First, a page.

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Great British Game Week: Joshua Hunter's Top Tips For Cooking Game

/ Categories Tricks of the trade, Alumni, #MadeAtLeiths / Author:

Great British Game Week: Joshua Hunter's Top Tips For Cooking Game

It’s Great British Game Week. Leiths alumnus Joshua Hunter, now head chef at Holland & Holland, shares his top tips to up your game game.

Leiths alumnus Joshua Hunter has been head chef at the Holland & Holland Shooting Grounds since January 2019. After completing his Diploma in 2011, Joshua went on to work at top London restaurants La Trompette, Murano and Kitchen W8, then as a private chef for celebrity clients like Tom Cruise and the Beckhams. Here, to celebrate Great British Game Week (November 22-28), Joshua shares his pro tips for great game cookery.

Number one is sourcing. Go to a high-quality game dealer or butcher so you can be sure of getting consistent quality. We use HG Walter, Vicars Game, and Macken Brothers in Chiswick. For venison, we use a mixture of completely wild and some from Aynhoe Park where [two Michelin star chef] Brett Graham has his deer.

If you’re new to game cookery, start simple and do something like roasting a piece of venison loin. It’s very similar to cooking beef fillet.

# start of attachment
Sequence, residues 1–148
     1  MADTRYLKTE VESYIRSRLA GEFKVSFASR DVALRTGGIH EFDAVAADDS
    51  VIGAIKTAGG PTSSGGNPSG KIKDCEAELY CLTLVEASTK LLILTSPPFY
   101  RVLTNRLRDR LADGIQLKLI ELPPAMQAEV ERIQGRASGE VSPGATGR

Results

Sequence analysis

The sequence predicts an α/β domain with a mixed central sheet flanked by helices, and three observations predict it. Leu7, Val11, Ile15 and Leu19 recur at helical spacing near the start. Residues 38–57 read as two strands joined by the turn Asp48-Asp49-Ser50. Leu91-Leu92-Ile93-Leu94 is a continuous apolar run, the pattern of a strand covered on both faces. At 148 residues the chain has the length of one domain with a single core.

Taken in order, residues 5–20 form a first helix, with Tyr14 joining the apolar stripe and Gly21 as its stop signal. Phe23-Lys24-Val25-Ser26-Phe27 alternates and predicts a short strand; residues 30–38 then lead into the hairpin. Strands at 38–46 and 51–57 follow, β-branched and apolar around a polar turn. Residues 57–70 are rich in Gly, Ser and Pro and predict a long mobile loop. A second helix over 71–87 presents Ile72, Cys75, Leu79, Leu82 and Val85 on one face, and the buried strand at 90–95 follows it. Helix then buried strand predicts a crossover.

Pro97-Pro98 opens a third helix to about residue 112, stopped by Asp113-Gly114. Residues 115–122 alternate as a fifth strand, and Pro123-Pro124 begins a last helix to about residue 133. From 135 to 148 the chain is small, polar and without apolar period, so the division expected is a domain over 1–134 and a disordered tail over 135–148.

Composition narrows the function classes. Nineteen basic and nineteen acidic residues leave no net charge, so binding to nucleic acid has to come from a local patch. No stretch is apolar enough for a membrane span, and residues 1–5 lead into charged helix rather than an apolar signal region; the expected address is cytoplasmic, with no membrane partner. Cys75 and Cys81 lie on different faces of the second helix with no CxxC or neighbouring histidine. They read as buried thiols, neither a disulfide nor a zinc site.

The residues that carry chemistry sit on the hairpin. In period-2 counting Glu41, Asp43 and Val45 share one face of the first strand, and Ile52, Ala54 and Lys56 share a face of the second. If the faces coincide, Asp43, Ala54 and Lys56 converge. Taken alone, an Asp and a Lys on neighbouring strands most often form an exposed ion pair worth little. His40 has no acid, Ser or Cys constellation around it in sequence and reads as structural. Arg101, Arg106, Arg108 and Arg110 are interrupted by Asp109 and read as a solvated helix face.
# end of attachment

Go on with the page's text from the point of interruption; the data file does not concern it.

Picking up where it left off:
Get your birds plucked and drawn! Don’t start off with a bird in feather because it'll take you absolutely ages and you’re going to make a terrible mess.

Overcooking is a common problem as game is very lean. Most game should be served medium or medium rare. We brine almost all the game birds in a ten percent salt and water solution with various aromats before we cook them. That helps tenderise them, season them evenly and prevents them drying out.

We cook birds on the crown and braise the legs separately. If you roast a pheasant in much the same way as you would a chicken, the crown will be ready before the legs.

Game works well with other wild foods. We use a lot of foraged mushrooms which arrive just as game season is coming in. Earthy root vegetables like beetroot and turnips pair well too.

Game has a really intense flavour, so you have to be a little bit clever with the way you construct a dish. It’s always worth balancing the richness and gaminess of the meat with something sweet and acidic. Pickled walnuts pair well; we have pickled pears with our partridge at the moment; we also make a damson vinegar that we cut some of the game sauces with at the end so you have a nice rich jus gras with a little bit of the vinegar that really lifts it.

Game cookery has moved on quite a lot in recent years. Most of the game I serve is contemporary and modernised and accessible. People now recognise just how versatile it is.

Author: Hilary Armstrong


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